• 21. NATURAL LANGUAGE PROCESSING How do they dif fer?  Interface and ease-of-use  De-duplication and versioning  Supported languages  Optical character recognition (OCR)  File formats, e.g., Word, WordPerfect, PDF, HTML  Ability to scale to large databases.© Bommarito Consulting
  • 22. MACHINE LEARNING Definition: Automated classification and prediction on data. Examples:  Product recommenders, a la Amazon  Computer vision – is it a cat?  Sentiment analysis  Topic classification  Document clustering At least two stages to machine learning:  Training  Classification© Bommarito Consulting
  • 23. MACHINE LEARNINGLearning Machine learning requires “learning” or “training.” There are two types of training:  Supervised  Unsupervised The goal of training is to determine a mapping from input features to a set of target classes.© Bommarito Consulting
  • 24. MACHINE LEARNINGLearning Imagine a student given a small list of organisms anddescriptions. The student is tasked to assign the organisms intogroups based on these descriptions. Where do the groups comefrom? Super vised: The teacher provides the answers. Unsuper vised: The teacher provides nothing. When the student is done with the task , the teacher checks thestudent‟s responses and decides if the student has learned. In our example, the teac her will typically provide the “canonical” domainsand ki ngdoms of bi ol ogy. However, mos t real -world problems domai ns arenot so well-studied.© Bommarito Consulting
  • 25. MACHINE LEARNINGLearning What if the teacher gave the student some of the answers? This is semi-supervised learning. Supervised: The teacher provides the answers. Semi-supervised: The teacher provides some answers. Unsupervised: The teacher provides nothing.© Bommarito Consulting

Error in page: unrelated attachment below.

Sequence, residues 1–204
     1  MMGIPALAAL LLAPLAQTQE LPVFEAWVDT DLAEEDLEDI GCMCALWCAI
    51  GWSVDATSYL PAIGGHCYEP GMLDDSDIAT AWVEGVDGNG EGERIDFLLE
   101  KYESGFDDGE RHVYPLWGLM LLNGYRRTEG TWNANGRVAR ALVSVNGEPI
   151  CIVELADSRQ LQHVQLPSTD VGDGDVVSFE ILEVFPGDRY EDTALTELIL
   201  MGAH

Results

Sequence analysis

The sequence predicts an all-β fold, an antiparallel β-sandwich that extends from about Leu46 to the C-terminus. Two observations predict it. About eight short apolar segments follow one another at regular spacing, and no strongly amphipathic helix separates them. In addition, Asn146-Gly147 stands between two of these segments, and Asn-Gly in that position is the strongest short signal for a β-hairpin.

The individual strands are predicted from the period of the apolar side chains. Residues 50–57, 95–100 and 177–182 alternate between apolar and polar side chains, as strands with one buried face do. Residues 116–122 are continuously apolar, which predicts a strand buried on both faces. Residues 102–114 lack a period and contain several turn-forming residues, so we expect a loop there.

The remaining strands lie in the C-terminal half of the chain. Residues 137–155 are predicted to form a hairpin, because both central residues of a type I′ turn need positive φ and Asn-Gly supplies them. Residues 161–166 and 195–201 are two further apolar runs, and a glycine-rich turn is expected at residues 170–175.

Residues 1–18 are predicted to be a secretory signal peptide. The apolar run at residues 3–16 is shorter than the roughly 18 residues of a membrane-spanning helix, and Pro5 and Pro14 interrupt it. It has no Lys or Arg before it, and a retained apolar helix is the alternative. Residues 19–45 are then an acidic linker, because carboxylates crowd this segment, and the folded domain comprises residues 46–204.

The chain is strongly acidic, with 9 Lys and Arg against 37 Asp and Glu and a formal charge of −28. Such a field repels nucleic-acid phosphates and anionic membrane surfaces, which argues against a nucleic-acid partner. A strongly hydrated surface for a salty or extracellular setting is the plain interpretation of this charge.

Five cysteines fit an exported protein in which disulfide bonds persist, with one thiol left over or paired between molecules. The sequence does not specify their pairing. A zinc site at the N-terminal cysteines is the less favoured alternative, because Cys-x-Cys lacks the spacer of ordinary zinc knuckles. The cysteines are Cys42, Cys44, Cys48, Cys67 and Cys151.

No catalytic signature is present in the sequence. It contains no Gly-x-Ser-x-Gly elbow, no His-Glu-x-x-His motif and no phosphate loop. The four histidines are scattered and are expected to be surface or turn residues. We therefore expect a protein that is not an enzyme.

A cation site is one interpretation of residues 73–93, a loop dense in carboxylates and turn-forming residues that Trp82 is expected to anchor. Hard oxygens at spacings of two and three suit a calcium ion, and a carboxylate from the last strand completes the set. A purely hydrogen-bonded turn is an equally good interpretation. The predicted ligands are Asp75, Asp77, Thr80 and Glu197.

• 26. MACHINE LEARNINGClassification The student has now learned to map from an organism‟sdescription to a group. Now, the student is sent out into the field to use theirknowledge to classify newly discovered organisms. Theyobserve the organisms and document the features they learnedto use. Then, they apply the learned rules to determine theclass of organism.© Bommarito Consulting
  • 27. MACHINE LEARNINGThis is exactly how predictive coding works! Organisms : Documents Descriptions : Natural language features or models Semi-supervised : Sample coding The goal of predictive coding in discovery is to learn to classifydocuments based on natural language features, typically intorelevant/irrelevant or privileged/unprivileged.© Bommarito Consulting
  • 28. MACHINE LEARNINGSome Machine Learning Algorithms Super vised  Statistical models  Bayesian, e.g., Naïve Bayes Classification  Frequentist, e.g., Ordinary Least Squares.  Neural Networks (NN)  Support Vector Machines (SVM)  Random Forests (RF)  Genetic Algorithms (GA) Semi/unsuper vised  Neural Networks (NN)  Clustering  K-means  Hierarchical  Radial Basis (RBF)  Graph© Bommarito Consulting
  • 29. MACHINE LEARNINGNotes on Algorithm Diversity Not all algorithms return scores; some are binar y.  True, True, False  0.9, 0.7, 0.1 Not all algorithms suppor t more than two classes.  Cat, Dog, Mouse  Cat, Not Cat Not all algorithms scale similarly.  1M documents = 1 day  10M documents = {10 days, 100 days, 1000 days}© Bommarito Consulting
  • 30. THANKS! You can get these slides on my blog – http://bommaritollc.com/blog/.  Michael J Bommarito II  CEO, Bommarito Consulting, LLC  Email: michael@bommaritollc.com  Web: http://bommaritollc.com/© Bommarito Consulting
  • 31. REFERENCES B o o k s a n d Wi k i Pa g e s  A Brief Sur vey of Text Mining. Hotho, Nurnberger, Paaß.  http://www.kde.cs.uni -kassel.de/hotho/pub/2005/hotho05TextMining.pdf  Text Mining: Predictive Methods for Analyzing Unstructured Information. Weiss, Indurkhya, Zhang, Damerau.  http://www.amazon.com/Text -Mining-Predictive-Unstructured -Information/dp/0387954333  The Elements of Statistical Learning.  http://www-stat.stanford.edu/~tibs/ElemStatLearn /  Wiki – Machine Learning.  http://en.wikipedia.org/wiki/Machine_learning  Wiki – Machine Learning Algorithms.  http://en.wikipedia.org/wiki/List_of_machine_learni ng_algorithms So f t wa re  Natural Language Toolkit (NLTK).  http://nltk.org /  Stanford NLP Group.  http://nlp.stanford.edu/software /  Weka.  http://www.cs.waikato.ac.nz/ml/weka /  R.  http://www.r -project.org /  SAS Predictive Analytics and Data Mining.  http://www.sas.com/technologies/analytics/datamining/i ndex.html